People identity

What makes people British? Or French, German or Japanese?

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I remember decades ago reading a travelogue written by the American writer Paul Theroux, cataloguing his travels around the UK. He recorded walking past an open window on a London street and heard an English-sounding woman say, “They are funny, the Yanks”.

He immediately said to himself, “We’re funny? You put woolly hats on your boiled eggs! You apologise when someone treads on your toes! You’re obsessed with the British upper lip! You all think a cup of tea solves everything! You’re the mad ones!”

It seems 47% of us feel proud to be British post-Brexit, plus another 4 in 10 “a little bit”, according to The Independent. 13% are not proud at all.

What about the French mindset obviously influenced by a rich historical, literary and military tradition? Who are their mortal enemies? Why, their neighbours, of course - the British.

I could drone on about every European or any other country’s stereotype or dig around for academic commentary on population fluxes but I don’t see how that would even remotely explain why Germans are notoriously punctual or why Japanese people are notoriously hard-working and rigorously polite. And how it’s any different.

National stereotypes are easy to come across

Whether it’s the caricature of the introverted English, the brashness of Americans or the industrious Japanese, national stereotypes are easy to come across. But do countries really have their own distinct personalities?

Psychologists say no. They have given the same personality test to hundreds of thousands of people from different nations, but apparently, they have indeed found that average scores tend to come out differently across many cultures.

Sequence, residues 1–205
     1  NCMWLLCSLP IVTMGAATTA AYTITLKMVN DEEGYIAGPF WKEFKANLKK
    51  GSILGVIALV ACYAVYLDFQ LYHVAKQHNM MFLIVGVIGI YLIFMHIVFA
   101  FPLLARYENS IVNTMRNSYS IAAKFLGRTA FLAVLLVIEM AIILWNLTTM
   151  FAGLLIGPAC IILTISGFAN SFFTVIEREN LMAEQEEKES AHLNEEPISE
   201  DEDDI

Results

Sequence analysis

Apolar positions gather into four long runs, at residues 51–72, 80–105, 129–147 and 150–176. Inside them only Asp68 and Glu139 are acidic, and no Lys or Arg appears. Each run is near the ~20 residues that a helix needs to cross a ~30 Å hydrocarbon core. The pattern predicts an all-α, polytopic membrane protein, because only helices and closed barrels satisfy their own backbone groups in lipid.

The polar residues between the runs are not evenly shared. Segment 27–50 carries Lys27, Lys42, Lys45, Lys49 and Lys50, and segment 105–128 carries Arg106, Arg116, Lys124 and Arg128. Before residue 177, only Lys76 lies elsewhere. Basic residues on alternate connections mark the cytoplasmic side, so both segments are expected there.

According to BBC research, the average personality in one country often really is different from the average personality in another.

Crucially, these average differences in personality between nations are not the same as the stereotypes we hold. Although we tend to agree with each other about the typical personality type in a given country - including our own - the research suggests that our assumptions are often wide of the mark.

Several large international studies have now documented cross-cultural differences in average personality. One of the most extensive was published in 2005 by Robert McCrae and 79 collaborators around the world, who profiled more than 12,000 college students from 51 cultures.

Based on averaging these personality profiles, the researchers were able to present an “aggregate” trait score for each of the cultures.

So, traits, personalities, aggregate scores, moods, and a variety of cross-cultural investigations are far more complicated than it seems.

Source TA, Photo: Shutterstock